While land grant heirs and community people continue to lobby the federal government for redress of the loss of their land grants, there have also been many efforts made to collaborate with public lands agencies to establish management practices that maintain the health of both the forests and their dependent communities. In the early 2000s, for example, the Nuestra Señora del Rosario San Fernando y Santiago Grant (the Truchas Land Grant) drafted an agreement between the grant and the Santa Fe National Forest (SFNF) to co-manage Borrego Mesa, which is currently included in the SFNF boundaries but was originally part of the grant. The agreement stated that “The purpose of this document is to provide the framework for a co-management agreement between the Forest Service and the Grant that serves the mutual interests and objectives of the parties involved” and “will ultimately serve the long-term ecological health of the forests on Borrego Mesa.” It also referenced the 1997 International Union for the Conservation of Nature and the World Conservation Congress’s definition of co-management as “formal, power sharing agreements between government agencies and communities in such a way that both groups have a direct voice in the decision-making process concerning a specific territory or set of resources at the policy, planning, and management levels.”
The agreement called for a Board of Management that would: 1) prepare and approve ecosystem management plans; 2) protect the use rights of local residents and ensure management that supports community activities and needs; 3) ensure long-term sustainable use and management of resources on Borrego Mesa; 4) ensure implementation of the management plan; and 5) promote community involvement in the management of the area through economic development and job opportunities. The agreement also stipulated that any income generated on Borrego Mesa would be reinvested locally.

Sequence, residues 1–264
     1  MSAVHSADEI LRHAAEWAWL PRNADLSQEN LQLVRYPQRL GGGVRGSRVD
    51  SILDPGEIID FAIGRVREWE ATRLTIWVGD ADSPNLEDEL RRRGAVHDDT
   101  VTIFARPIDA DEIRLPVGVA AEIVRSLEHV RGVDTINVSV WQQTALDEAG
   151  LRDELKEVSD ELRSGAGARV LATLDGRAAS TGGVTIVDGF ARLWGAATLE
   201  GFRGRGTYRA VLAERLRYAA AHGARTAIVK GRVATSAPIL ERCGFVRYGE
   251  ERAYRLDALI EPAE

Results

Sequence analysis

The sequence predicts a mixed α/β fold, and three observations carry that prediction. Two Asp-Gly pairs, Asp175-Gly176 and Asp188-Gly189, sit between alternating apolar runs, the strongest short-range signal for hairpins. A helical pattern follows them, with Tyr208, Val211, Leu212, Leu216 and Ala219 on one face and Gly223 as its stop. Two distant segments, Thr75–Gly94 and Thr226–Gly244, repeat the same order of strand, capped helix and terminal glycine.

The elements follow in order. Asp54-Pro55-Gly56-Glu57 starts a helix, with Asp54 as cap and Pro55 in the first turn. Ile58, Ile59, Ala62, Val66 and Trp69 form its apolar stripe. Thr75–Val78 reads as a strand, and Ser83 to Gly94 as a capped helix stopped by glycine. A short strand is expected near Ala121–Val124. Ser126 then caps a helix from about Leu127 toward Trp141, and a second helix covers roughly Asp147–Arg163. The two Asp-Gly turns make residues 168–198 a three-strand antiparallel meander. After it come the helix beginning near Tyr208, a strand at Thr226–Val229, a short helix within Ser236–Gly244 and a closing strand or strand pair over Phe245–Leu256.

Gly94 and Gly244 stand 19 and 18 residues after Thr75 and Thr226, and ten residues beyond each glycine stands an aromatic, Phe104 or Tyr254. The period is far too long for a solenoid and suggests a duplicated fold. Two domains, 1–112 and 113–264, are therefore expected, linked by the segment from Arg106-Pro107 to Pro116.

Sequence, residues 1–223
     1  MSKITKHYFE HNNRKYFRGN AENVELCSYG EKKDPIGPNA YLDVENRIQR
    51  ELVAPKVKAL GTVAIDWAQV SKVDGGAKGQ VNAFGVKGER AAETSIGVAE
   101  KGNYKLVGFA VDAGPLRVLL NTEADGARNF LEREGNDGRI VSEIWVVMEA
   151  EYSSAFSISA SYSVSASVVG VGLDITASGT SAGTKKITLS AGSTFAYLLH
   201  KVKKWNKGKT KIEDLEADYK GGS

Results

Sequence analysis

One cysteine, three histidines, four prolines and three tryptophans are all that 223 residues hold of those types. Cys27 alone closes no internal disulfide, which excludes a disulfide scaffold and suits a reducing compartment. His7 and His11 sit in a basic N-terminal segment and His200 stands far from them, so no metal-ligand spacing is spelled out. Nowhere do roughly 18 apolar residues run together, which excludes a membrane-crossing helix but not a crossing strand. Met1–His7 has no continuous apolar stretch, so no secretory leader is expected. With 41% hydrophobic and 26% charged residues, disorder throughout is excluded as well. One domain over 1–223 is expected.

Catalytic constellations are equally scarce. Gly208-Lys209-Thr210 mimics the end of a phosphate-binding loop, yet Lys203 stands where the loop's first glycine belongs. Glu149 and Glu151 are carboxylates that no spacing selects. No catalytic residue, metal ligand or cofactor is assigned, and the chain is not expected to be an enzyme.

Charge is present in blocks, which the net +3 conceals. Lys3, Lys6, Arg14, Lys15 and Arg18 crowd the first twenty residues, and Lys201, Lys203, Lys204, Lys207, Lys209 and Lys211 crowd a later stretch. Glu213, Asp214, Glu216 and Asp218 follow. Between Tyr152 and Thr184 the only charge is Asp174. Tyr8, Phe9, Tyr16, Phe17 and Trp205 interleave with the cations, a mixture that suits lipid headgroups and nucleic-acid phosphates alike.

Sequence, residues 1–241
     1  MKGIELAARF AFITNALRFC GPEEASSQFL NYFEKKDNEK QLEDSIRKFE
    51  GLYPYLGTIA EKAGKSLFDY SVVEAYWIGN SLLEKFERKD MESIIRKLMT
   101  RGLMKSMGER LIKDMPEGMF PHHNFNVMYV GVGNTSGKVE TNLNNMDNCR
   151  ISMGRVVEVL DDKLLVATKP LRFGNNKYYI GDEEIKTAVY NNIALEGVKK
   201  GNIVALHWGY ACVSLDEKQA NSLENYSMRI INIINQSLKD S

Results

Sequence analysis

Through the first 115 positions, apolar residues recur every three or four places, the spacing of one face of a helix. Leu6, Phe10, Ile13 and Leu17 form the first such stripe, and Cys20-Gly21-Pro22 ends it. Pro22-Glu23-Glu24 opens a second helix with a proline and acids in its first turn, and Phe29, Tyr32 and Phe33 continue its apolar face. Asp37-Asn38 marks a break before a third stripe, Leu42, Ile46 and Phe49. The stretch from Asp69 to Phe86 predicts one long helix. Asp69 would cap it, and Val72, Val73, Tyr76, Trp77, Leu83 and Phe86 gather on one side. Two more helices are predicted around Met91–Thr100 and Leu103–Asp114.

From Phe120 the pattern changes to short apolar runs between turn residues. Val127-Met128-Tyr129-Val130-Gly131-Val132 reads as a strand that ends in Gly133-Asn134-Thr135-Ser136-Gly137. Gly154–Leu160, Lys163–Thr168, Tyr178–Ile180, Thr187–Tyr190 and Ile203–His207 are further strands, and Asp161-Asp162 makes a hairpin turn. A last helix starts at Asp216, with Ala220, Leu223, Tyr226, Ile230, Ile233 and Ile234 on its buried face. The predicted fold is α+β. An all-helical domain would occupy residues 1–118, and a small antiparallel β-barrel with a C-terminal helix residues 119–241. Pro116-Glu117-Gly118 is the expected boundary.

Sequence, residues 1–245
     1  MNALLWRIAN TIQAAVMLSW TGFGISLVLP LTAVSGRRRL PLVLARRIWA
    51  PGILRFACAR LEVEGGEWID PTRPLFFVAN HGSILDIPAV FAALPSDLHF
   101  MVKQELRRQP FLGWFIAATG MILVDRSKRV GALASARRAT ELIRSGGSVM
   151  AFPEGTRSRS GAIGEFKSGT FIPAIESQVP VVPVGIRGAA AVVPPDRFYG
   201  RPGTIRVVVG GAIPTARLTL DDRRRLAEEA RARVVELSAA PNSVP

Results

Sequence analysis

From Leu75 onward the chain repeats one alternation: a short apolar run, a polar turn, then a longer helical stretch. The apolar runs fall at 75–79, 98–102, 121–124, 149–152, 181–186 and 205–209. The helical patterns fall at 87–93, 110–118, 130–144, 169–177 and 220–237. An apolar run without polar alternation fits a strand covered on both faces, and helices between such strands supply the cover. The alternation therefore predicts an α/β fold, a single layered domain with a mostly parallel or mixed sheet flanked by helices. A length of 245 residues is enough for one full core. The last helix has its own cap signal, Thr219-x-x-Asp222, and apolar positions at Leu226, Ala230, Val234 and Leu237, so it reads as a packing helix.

According to Max Córdova, president of the Truchas Land Grant when the co-management agreement was drafted, the agreement was endorsed but never implemented. “It’s the same thing with the memorandums of understanding we signed with the Carson National Forest, to find areas where we could work together.”
In his book Kemmis places this argument in what is essentially the story of the West: the conflict between its development through the expansion of the American empire, or manifest destiny, and attempts at self governing, or local sovereignty. This is the context, then, in which the Forest Service, described in a 1989 memo by forest supervisors as “an agency out of control,” has become increasingly incapable of managing our public lands. The agency is demoralized from within, assaulted by environmental and property rights advocates from without, and, as described by its own chief, suffers from “analysis paralysis.” The agency has also been manipulated from both sides of the political spectrum, by those who demanded it “get out the cut” after World War II at unsustainable levels and by the environmental movement that burdened the agency with endless paperwork and litigation. This has made it impossible for local managers to keep the promises they make to local communities.
In the last few chapters of the book, Kemmis guides the reader through possible solutions to this gridlock. He believes it’s time for the West to seize the moment and create a new regionalism where public lands are managed watershed by watershed or along geographic lines that define communities. He references John Wesley Powell, who, after his western explorations in the 1870s, argued that the West could not be effectively managed under national policies like the Homestead Act, which failed to acknowledge its unique geography and aridity. The only way for the West to devolve is through the collaboration of people and groups who care about the places they live, who are intimately familiar with the ecology, and are willing to devote the time and energy it takes to solve issues such as species reintroduction, timber and rangeland management, and habitat protection.